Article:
# Marc van Leeuwen

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 Name Marc van Leeuwen Member for 1 year Seen 2 hours ago Website Location Poitiers, France Age 53
professor of mathematics at the Université de Poitiers (France)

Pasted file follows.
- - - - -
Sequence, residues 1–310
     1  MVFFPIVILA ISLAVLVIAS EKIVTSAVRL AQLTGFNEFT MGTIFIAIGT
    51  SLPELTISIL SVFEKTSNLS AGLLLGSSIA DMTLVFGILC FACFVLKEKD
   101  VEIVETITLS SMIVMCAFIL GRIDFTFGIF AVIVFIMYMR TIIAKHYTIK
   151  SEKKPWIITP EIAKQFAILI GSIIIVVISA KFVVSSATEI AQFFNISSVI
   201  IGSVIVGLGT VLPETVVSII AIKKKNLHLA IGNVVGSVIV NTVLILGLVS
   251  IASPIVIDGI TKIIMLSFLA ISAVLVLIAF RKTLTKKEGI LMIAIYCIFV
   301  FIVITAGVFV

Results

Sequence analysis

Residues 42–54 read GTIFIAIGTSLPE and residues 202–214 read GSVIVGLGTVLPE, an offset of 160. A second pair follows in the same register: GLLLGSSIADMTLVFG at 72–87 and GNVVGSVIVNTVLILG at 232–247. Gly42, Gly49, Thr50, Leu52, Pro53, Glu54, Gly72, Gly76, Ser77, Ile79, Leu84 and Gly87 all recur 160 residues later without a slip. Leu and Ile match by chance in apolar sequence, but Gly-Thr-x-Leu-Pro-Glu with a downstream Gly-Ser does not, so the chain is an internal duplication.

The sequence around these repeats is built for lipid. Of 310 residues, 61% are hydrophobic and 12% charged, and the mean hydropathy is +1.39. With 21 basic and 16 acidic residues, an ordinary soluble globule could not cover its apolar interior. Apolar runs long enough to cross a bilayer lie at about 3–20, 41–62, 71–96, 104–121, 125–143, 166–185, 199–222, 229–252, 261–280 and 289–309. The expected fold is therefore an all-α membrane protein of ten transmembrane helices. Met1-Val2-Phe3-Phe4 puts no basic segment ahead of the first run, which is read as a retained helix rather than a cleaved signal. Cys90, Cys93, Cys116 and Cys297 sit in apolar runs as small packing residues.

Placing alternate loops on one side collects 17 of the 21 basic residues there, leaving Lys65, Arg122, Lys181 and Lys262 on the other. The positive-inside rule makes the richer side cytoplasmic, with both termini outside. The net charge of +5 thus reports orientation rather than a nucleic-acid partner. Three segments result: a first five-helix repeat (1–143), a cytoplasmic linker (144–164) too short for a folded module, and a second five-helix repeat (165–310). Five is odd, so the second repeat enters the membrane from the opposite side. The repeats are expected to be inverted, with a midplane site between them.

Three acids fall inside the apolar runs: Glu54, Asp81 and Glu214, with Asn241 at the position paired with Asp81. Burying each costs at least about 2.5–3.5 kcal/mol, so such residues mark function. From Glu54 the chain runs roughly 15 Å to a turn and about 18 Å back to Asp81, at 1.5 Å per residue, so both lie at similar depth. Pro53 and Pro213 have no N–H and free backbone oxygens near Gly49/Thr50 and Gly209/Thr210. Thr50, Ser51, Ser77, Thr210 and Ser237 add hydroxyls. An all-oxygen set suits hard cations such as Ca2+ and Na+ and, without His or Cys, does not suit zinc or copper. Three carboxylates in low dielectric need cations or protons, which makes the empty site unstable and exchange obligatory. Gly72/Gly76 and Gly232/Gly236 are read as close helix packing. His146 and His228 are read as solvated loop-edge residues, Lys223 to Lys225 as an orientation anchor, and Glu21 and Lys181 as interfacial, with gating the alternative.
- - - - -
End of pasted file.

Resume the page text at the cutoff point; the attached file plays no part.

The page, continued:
May7 answered quasi-minuscule representations Apr27 comment p-quotient of an integer partitionAn intuitive description of the core-quotient bijection, illustrations, and precise definitions of the notions involved, can be found in section 2 of my paper "Edge sequences, ribbon tableaux, and an action of affine permutations" Europ. J. Combinatorics 20 (1999). It is available from my home page www-math.univ-poitiers.fr/~maavl. Apr15 revised bijection between number of partitions of 2n satisfying certain conditions with number of partitions of nclarify formulation Apr15 revised bijection between number of partitions of 2n satisfying certain conditions with number of partitions of noops, inconsistent varible name! Apr11 revised bijection between number of partitions of 2n satisfying certain conditions with number of partitions of none more argument added Apr11 answered bijection between number of partitions of 2n satisfying certain conditions with number of partitions of n Apr4 revised Simply connected algebraic groups and reductive subgroups of maximal rankcorrected index calculation Apr4 answered Simply connected algebraic groups and reductive subgroups of maximal rank Apr3 comment bijection between number of partitions of 2n satisfying certain conditions with number of partitions of nIt would be helpful to have a description of conormal $j$ nodes. Am I correct in assuming that $j$ is to be interpreted modulo $2$ here? Also, with a definition of conormal nodes I found here www.iazd.uni-hannover.de/~bessen/tensalt.ps (where removable nodes below it have to be paired with intermediate addable nodes), it would seem that adding the lowest such nodes would not result in an invertible operation (having become removable, they could pair up with another addable node above). Are you sure you did not mean adding the highest conormal $j$ nodes? Apr3 comment bijection between number of partitions of 2n satisfying certain conditions with number of partitions of nCan you explain the relation with that sequence? OP wants a bijection with all partition of $n$. Apr2 accepted Randomized algorithm? Mar30 comment bijection between number of partitions of 2n satisfying certain conditions with number of partitions of n@Rekha Biswal: c0 is just the empty partition, or diagram. Mar26 comment Geometric proof of Robinson-Schensted-Knuth correspondence?@darij grinberg: For the Knuth correspondence, since the matrix can have entries larger than one, the "growth" of shapes can correspondingly be by more than one square; the natural condition is growth by horizontal strips. The original reference is S. Fomin, “Schur operators and Knuth correspondences”, J. Combin. Theory, Ser. A 72,(1995), pp. 277–292, though I might unmodestly suggest that my discussion in section 2.2 of "Spin-preserving Knuth correspondences for ribbon tableaux" combinatorics.org/Volume_12/Abstracts/… is maybe more accessible (you can skip section 1). Mar23 revised Geometric proof of Robinson-Schensted-Knuth correspondence?spelling Mar21 awarded ● Necromancer Mar16 comment Generalization’s of Greene’s Theorem for the Robinson-Schensted correspondenceIf nothing else, you will be able to say something about the shape of the words in that article. Mar16 comment The four squares theorem from the Gauss-Legendre three squares theoremThe page you linked to just proves the easy part of the three squares theorem. Mar11 comment When is an algebra of commuting matrices (contained in one) generated by a single matrix?And see [this answer](mathoverflow.net/questions/29087/…) to another question. Notably it is indeed a theorem (Gerstenhaber 1961) that an algebra generated by two commuting matrices cannot have dimension greater than n (but it can be of dimension n while not being single-generated), and it is an open question whether an algebra generated by 3 matrices can. – Marc van Leeuwen 0 secs ago Mar10 comment Do these matrix rings have non-zero elements that are neither units nor zero divisors?Actually, as far as I've seen definitions, $0$ is usually not called a zero divisor (so an integral domain is a non-trivial commutative ring without zero divisors). But in the current setting saying "zero divisor of zero" all the time would indeed by tiresome.